With emergency relief funds short, Maryland fights for Key Bridge money


A shortage of Federal Highway Administration emergency relief funds and the fact that it is a toll bridge could play a role in determining who pays what toward the eventual replacement of the Francis Scott Key Bridge in Baltimore.

“Currently, the ER program itself is drastically short of the funding necessary for all the eligible projects,” said Senate Environmental Committee ranking Member Shelley Moore Capito, R-W.Va. 

“As of June 25, the current funding shortfall stands at more than $3.5 billion with a backlog of (projects in) 38 states and territories that stem from more than 130 eligible events.” 

“Currently, the Emergency Relief program itself is drastically short of the funding necessary for all the eligible projects,” said Sen. Shelley Moore Capito, R-W.Va.

Bloomberg News

The bond-financed toll bridge was struck by Singapore-flagged container vessel Dali on March 26. With tolls collected on the bridge, questions arose about who gets the toll revenue once the bridge is replaced and how much the feds should pay for rebuilding it. 

Typically, state projects receive 80% reimbursement, while federal projects can qualify for up to 90% reimbursement. The state would make up the difference.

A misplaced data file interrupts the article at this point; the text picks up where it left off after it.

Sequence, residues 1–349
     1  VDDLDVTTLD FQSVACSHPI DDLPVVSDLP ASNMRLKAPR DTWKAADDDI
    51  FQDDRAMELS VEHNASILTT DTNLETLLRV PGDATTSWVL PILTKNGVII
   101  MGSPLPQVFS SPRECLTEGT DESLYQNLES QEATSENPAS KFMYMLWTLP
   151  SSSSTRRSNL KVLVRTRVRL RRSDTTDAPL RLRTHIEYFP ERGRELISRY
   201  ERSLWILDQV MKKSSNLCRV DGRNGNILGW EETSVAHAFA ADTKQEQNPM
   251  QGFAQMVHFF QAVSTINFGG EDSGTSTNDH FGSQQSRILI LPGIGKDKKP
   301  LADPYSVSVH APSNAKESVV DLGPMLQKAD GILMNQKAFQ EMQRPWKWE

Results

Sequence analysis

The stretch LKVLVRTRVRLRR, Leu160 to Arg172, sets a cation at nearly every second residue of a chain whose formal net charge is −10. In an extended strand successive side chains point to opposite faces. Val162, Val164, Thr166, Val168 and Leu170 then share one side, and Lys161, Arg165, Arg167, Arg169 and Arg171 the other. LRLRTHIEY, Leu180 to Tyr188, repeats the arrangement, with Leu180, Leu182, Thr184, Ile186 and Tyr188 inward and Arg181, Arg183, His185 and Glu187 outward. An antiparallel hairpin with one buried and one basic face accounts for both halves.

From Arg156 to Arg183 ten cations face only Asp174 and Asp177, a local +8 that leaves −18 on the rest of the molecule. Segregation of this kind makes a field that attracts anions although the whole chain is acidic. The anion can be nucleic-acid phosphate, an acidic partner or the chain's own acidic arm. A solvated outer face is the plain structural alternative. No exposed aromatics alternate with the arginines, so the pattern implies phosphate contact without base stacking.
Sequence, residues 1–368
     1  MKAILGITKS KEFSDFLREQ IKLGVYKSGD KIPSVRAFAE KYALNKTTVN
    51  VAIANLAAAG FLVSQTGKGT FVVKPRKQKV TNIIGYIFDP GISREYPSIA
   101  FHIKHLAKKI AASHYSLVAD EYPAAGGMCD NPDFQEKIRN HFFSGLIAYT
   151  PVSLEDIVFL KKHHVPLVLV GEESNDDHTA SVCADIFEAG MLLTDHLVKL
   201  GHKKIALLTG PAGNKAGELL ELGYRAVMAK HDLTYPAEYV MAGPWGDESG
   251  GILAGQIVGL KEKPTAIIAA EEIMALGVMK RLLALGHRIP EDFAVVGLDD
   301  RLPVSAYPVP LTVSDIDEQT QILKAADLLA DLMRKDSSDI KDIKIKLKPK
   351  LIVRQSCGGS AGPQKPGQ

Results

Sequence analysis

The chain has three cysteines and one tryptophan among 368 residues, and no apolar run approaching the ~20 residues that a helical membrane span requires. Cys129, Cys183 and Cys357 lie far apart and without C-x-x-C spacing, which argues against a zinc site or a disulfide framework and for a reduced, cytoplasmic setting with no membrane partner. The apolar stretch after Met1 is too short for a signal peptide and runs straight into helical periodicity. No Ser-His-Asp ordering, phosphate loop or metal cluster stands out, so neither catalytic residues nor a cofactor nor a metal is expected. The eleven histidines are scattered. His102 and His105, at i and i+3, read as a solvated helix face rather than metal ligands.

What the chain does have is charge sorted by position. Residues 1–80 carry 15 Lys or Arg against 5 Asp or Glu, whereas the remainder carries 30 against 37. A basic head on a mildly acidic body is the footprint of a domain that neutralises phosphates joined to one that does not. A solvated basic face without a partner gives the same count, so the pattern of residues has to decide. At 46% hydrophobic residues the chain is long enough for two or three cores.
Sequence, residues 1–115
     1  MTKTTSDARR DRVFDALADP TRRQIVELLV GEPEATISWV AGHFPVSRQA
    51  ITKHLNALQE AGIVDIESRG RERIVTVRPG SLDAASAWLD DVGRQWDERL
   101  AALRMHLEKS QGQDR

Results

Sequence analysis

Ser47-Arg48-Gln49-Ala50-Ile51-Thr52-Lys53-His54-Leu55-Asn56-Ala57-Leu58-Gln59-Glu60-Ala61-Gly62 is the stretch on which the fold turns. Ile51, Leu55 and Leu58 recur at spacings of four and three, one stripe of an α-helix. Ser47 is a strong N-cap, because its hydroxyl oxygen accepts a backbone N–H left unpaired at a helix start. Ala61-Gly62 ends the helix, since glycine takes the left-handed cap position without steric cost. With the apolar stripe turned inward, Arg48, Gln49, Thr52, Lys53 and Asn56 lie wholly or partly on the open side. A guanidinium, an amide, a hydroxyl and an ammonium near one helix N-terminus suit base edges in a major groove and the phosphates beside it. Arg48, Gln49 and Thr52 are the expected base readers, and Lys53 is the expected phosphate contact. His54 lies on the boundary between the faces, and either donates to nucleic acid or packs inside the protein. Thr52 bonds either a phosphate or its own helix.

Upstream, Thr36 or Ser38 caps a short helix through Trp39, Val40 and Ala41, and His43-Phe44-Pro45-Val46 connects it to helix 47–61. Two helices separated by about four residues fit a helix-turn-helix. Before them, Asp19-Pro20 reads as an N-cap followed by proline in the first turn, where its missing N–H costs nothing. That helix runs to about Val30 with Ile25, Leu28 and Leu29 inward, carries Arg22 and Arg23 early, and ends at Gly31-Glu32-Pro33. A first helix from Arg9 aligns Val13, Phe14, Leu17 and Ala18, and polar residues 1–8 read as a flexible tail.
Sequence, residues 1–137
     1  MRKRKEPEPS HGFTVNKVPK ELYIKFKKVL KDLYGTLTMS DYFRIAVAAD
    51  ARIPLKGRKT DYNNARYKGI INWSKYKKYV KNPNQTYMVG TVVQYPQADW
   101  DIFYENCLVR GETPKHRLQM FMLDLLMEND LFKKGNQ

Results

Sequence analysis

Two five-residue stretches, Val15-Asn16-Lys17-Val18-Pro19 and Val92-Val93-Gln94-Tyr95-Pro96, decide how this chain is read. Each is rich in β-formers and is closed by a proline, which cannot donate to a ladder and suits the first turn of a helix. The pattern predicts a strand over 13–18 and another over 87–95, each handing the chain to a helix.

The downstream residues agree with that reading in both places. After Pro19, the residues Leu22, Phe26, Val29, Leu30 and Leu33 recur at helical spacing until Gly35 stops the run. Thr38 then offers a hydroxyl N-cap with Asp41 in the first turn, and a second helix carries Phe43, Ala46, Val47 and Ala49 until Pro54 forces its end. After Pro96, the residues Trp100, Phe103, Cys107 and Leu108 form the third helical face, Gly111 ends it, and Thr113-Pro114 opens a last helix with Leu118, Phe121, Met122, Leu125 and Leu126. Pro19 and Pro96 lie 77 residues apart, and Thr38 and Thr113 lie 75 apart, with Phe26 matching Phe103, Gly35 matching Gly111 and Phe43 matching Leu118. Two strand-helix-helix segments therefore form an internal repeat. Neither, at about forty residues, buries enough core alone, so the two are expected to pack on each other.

Maryland is looking for 100% reimbursement, “because that’s what was done in the past,” said Sen. Ben Cardin, D-Md. “We need it now, because we are sending contracts to start the construction, we don’t want to delay this. Every month it’s delayed, it’s additional loss to our communities and frustration among drivers.” 

Cardin cited precedent for the feds bearing the total cost from other catastrophes, including hurricanes Irma, Maria, and Fiona as well as the I-35W bridge collapse in Minnesota. 

The Key Bridge generated $56.8 million in toll revenues for Maryland in 2023, raising questions about use of federal taxpayer money to fully fund the replacement of a toll bridge. 

“Why is it wrong to assume if you’re the American taxpayer, that since you have a dedicated source of revenue there (tolls), that over time, you would not be asked to pay the 10% cost share that Maryland would have to bear?” asked Capito. 

“It would be penalizing the state of Maryland if you required us to use our toll facilities to repay our 10%, so we think that would be totally unfair,” Cardin replied. 

Cardin and Sen. Chris Van Hollen, D-Md., have drafted legislation that would guarantee the federal government any funds recovered through insurance claims. Estimates for the insurance reimbursement are currently $350 million. 

“It’s written into the bill, it’s already current law, but we made it very explicit that the federal government will receive any compensation for damages or insurance proceeds, including interest recovered by a state a political subdivision of a state, or a toll authority for repair, including reconstruction of the bridge,” said Van Hollen.

In May the House Committee on Transportation and Infrastructure held a similar hearing covering some of the same ground. At the time estimates to replace the bridge were pegged between $1.7 billion and $1.9 billion. 

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